The Knee Fairy

“Why do we have to go? We’re not even English, we’re Scottish”

We’re not Scottish, we have Scottish roots and we love Scotland but we only say we’re Scottish to annoy my Dad. The Eldest coming out with this, when my dad wasn’t even about, made me roar. Clearly he was clutching at straws when thinking this would get him out of going to a St George’s Day do when we all know he just doesn’t want to leave the house, ever, for anything, under any circumstances.

I ignored him and continued to make jam sandwiches. Never take your children anywhere without a picnic, you don’t have to eat it, you can always hit the cafe if the mood takes you but I guarantee you if you leave the house foodless there will be no cafe or, like today, it’s queue will be longer than its menu.

We left. Jam and ham sandwiches at the ready. Only two out of the three of us were happy about this. Not the sandwiches you understand, no, it was the leaving that screwed up the third face. We pretended we hadn’t noticed, we were oblivious to the fact that we were soon to join him in his screwed upness.

Oh hell, it was freezing out, I’ve never eaten a picnic in such horrific conditions. We joked that the jam was freezing as we ate but it was us, we were freezing as we ate. We marched, it was the only thing to do. We marched and we giggled and we ate below minus degree jam butties and we decided we were getting the heck out of there, who needed to see St George slay the dragon anyway? Once you’ve seen one hearty dragon slaying you’ve seen them all.

We started to run.

“Go faster” shouted The Youngest.

But it was too late, The Eldest had seen some poo and had started to gag. Now, like most folk when a gag has occurred, it is tricky for The Eldest to prevent the ensuing chain reaction, the snowball effect if you will. The sighting of a poo on a full belly whilst running was a recipe for disaster but it was ok because we were already leaving, our trip out already pants could not become more ruined. We continued at a less vomit inducing pace.

“Oh look, fighting” squeals my four year old, who is now wearing a crown and wielding a plastic sword.

She’d spotted the gladiators and she loved them on sight.

“Go. Go get him. Oooh, good shot. Mum the red one is dead!”

She seemed rather too pleased about this. The Eldest was getting desperate by now.

“Can we go? He’s not really dead, it’s pretend for goodness sake!”

He had the right hump and was determined to spoil his sisters fun. She wellied him with her sword.

“Yes he is, he’s dead!”

It was more of a question than anything else. I nodded. Does a nod count as I lie?

Back at the car we turned up the heating. I’ve never been that cold. We were 15 minutes away from the arrival of the dragon but not one of us gave a damn. We go home and crank the heating up there too, eventually we thaw and I throw The Youngest in the bath.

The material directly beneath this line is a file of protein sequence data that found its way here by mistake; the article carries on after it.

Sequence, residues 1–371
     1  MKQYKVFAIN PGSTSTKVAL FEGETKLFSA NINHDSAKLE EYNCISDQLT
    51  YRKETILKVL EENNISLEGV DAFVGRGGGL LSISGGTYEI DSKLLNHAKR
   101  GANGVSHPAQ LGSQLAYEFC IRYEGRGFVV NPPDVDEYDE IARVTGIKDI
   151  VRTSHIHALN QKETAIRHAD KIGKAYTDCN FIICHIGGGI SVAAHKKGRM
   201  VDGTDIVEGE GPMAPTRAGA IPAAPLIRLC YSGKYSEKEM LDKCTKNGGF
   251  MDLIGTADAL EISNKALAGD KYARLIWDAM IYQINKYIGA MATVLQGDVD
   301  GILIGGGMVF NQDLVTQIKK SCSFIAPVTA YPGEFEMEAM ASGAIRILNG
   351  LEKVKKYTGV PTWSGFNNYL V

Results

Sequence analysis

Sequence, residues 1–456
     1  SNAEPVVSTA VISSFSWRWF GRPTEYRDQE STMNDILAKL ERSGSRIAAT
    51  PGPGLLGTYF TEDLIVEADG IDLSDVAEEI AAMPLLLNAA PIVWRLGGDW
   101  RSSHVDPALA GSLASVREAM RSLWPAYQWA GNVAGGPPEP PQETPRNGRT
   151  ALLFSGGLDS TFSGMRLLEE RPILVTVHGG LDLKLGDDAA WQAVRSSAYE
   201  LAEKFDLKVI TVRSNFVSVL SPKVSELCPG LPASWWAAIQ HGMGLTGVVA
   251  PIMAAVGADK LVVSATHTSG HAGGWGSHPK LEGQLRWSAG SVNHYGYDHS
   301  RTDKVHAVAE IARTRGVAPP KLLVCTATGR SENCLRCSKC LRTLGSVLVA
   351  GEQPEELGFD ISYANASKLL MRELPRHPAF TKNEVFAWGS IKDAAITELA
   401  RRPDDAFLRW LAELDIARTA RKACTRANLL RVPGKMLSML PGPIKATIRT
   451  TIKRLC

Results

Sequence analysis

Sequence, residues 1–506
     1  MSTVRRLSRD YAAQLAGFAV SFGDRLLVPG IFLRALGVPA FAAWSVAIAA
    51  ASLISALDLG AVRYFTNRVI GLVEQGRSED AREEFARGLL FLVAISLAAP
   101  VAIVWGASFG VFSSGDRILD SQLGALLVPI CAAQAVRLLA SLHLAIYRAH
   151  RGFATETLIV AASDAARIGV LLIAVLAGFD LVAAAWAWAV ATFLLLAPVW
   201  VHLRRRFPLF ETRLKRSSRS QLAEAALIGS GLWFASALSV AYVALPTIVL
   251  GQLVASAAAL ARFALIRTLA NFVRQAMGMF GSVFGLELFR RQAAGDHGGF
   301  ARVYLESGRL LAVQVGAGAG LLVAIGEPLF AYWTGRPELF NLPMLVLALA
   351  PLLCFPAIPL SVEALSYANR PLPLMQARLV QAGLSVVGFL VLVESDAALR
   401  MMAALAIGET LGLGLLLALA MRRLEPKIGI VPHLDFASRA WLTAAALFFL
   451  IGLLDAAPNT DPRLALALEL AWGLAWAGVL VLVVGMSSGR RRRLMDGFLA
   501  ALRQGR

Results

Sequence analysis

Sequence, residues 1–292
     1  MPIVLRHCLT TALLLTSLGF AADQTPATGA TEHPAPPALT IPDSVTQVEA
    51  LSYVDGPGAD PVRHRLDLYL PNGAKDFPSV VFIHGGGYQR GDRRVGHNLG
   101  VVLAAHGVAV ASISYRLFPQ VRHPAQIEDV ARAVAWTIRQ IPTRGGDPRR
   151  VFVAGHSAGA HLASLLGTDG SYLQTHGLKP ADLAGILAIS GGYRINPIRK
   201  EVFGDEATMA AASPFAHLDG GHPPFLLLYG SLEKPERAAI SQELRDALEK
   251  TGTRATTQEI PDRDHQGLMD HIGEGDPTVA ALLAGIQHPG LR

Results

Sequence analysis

The Youngest is the tougher of the two, she’s had some corking mishaps, the sort that make you go all unnecessary at the thought of them however long ago they happened. Thing is, she has a grazed knee, she cannot look at it, if she sees it she starts to limp. Not one of those limps that kids only have when they know you’re watching but one that is there even when you are not, you know, a not real but real limp. An intermittent limpette.

Anyhoo, the plaster hiding the graze came off in the bath and she came face to face with the week old scuff. We had real tears. Real tears from a lass who once ran so fast into the corner of an open car door that her feet left the floor and she landed on her bottom. For this she complained a tad but this smudge on her knee, just by being in plain sight, had weakened her. My mum told her a fairy would come to kiss the knee as she slept and make it better.

“Mum, the mermaid will kiss it and it will be better” The Youngest sobbed.

I looked at my mum who mouthed the words

“Sorry, I said fairy”

Yes, that’s why I looked at her, to confirm which made up creature would be visiting us tonight.

What a bunch we are, can’t cope with the cold, a poo or a graze. Thank goodness we didn’t meet our patron saint today, he who takes down fire breathing beasties, we ought to be ashamed of ourselves. Knee fairies indeed.


I wish I were more like Sir Gagalot.

The Eldest has panic attacks, has done from an early age, separation anxiety it seems, something we think only worries our very young, our babies and toddlers but never our bigger kids. I had the best job in the world, I was a postie I’ll have you know, but I left so that I could be there to take him to and from school, to be ready at a moments notice for assemblies, plays, walks to church and the likes. Despite this he is convinced that I will drop him off and never go back.

I’ve never even so much as been a few moments late but if the bell went and he couldn’t immediately see my cheesy grin he would start to gag and cry and lose his shit. He became affectionately known as Sir Gagalot, still is.

It is quite remarkable how quick he can go from calm to horrified, there’s not much build up, at least not to the lay person, a pro like myself can spot his concern a mile off and sometimes, but not all times, nip a good hearty panic in the bud.

Now, I have spoken to every single person under the sun about this and how to help him. I’ve read and I’ve read and I’ve read everything I could find regarding children and anxiety. We’ve tried everything we could possibly think of but to no avail. The doctor thought that maybe a move to middle school would do him the power of good, a bit of independence, a feeling of not needing me so much, he said to hold fire on the therapy that I was harping on about at the time.

I held fire.